Watching For Recession

Recent anxiety about an imminent recession sparked discussion of inverted yield curves and falling long term interest rates, The slope of the yield curve – the difference between the yield on the five or 10 year treasury note and a short term instrument like three month T-bills – may signal a recession. The chart shows the slope of the yield curve and recession dates since April 1953. The slope moved below zero as each recession began.

The idea of using the yield curve to predict the economy has a long history. Other combinations of treasury notes and bills show the same patterns; the choice of five or ten year notes and three-month bills gives the longest data history. There is some theoretical backing: when consumers and investors fear a recession is coming, they are likely to move assets into intermediate and long-term bonds as a hedge against future economic difficulties. This asset re-allocation may raise bond prices, lower yields and dampen the stock market. (See “Forecasts of Economic Growth from the Bond and Stock Markets” by Campbell Harvey, Financial Analysts Journal, September-October 1989)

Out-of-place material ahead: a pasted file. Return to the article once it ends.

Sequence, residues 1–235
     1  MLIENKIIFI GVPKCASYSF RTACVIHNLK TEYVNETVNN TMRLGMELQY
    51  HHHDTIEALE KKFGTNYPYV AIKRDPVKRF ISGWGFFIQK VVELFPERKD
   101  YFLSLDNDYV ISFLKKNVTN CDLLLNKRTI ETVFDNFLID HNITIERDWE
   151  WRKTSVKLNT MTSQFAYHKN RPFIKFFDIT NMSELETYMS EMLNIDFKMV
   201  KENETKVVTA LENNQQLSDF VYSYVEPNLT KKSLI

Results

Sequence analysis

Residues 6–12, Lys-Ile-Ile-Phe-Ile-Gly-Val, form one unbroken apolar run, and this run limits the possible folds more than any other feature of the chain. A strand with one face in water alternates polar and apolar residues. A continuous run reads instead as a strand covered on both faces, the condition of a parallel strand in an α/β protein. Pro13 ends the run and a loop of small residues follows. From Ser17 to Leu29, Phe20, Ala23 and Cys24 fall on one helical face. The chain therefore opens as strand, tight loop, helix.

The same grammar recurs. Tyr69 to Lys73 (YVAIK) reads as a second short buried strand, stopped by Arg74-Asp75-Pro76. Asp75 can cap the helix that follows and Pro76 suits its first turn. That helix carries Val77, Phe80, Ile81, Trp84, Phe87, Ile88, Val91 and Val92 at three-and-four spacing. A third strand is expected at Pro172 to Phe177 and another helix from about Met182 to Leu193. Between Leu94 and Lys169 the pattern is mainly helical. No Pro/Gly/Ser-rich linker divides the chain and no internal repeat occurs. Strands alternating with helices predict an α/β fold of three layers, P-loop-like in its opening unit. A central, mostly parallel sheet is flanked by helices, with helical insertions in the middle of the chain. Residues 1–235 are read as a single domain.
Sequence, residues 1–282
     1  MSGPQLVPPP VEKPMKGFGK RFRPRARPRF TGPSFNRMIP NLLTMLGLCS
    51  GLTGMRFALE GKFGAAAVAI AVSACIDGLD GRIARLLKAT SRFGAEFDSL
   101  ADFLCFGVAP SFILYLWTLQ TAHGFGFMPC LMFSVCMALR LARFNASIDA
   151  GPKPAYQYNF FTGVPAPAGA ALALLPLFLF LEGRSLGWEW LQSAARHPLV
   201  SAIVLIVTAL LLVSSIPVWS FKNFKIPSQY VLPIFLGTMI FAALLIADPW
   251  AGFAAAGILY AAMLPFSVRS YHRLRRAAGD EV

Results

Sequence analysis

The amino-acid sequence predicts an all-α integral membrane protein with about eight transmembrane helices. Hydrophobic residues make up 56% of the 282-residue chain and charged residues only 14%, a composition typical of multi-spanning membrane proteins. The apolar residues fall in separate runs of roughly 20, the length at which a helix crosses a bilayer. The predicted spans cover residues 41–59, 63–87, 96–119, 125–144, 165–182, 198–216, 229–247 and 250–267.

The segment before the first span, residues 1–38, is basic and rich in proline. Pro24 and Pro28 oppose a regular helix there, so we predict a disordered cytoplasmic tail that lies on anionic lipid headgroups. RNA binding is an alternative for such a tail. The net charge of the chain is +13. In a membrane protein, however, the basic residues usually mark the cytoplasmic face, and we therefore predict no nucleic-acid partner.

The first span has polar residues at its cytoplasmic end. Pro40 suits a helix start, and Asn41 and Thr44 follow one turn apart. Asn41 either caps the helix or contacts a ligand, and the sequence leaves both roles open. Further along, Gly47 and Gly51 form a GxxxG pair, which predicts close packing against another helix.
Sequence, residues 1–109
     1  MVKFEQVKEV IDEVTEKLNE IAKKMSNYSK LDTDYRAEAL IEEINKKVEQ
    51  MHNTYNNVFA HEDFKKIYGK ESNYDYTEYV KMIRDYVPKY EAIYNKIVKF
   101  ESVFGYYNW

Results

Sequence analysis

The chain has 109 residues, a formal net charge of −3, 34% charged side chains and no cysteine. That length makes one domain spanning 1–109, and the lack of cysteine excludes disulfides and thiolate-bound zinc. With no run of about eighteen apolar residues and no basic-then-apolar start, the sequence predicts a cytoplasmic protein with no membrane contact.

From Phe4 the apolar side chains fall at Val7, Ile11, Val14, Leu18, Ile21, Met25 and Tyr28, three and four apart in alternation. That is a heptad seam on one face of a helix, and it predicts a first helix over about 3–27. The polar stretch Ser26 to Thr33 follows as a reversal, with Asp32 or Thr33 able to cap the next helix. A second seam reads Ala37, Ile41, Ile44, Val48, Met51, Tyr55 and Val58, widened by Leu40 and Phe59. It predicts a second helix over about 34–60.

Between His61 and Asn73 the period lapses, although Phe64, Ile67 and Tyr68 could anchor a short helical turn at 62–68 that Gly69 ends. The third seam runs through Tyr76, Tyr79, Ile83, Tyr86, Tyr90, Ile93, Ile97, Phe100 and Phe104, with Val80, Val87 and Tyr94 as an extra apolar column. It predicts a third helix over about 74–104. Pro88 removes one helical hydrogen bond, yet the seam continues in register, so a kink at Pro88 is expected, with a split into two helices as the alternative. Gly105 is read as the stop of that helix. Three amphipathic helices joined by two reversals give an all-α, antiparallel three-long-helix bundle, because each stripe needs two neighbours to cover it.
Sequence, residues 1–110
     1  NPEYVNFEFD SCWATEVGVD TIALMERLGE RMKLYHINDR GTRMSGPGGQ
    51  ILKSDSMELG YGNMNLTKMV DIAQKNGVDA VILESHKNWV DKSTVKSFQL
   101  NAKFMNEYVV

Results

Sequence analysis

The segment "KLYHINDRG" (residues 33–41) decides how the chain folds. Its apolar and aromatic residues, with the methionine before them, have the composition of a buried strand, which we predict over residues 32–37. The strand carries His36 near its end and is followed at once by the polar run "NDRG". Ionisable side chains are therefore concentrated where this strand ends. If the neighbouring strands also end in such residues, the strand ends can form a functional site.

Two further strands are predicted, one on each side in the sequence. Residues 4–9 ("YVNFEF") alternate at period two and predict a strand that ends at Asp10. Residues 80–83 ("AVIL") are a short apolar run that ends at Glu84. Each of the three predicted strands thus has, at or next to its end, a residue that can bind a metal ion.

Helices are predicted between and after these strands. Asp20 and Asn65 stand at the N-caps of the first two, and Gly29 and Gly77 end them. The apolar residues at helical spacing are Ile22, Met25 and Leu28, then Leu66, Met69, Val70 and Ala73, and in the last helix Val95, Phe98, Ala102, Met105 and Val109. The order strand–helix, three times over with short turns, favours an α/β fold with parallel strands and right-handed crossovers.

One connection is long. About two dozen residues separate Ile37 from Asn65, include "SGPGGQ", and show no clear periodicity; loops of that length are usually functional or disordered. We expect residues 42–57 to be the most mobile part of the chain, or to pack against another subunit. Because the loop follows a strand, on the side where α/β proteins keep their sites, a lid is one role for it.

While the first chart suggests that the yield curve is a useful predictor, the next chart shows that the stock market gives less accurate predictions. The market moves associated with the recessions in 2000-2001 and 1990-1991 were largely after the recessions. The economy kept on rolling despite the 1987 market crash.

The financial markets are not the only thing driving the economy – changes in employment matters.  The last chart shows the weekly Initial Unemployment Claims series published by the Bureau of Labor Statistics. When economic activity begins to fade companies respond by cutting hiring and letting people go. Jobs-losers file for unemployment. A rule of thumb is an initial claims number above 400,000 is cause for concern while a figure under 300,000 signals an unusually strong economy.

With all these, what is the risk of a recession near term? Initial claims suggest there is little to worry about while the yield curve signals some caution.

The posts on this blog are opinions, not advice. Please read our disclaimers.

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